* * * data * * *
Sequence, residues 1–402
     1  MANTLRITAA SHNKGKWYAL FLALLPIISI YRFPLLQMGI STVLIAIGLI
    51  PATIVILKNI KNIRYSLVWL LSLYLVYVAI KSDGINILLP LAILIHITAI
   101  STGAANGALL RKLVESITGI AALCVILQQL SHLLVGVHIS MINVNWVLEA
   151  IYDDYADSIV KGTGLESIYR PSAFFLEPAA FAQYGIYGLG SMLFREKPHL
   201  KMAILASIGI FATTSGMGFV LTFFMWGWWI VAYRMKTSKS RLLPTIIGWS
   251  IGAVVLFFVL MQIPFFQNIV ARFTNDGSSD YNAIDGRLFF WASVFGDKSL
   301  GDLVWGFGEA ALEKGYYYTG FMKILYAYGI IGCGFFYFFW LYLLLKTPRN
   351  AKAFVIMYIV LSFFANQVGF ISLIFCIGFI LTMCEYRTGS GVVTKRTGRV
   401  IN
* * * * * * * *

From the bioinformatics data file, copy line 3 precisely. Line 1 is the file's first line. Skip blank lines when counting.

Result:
    51  PATIVILKNI KNIRYSLVWL LSLYLVYVAI KSDGINILLP LAILIHITAI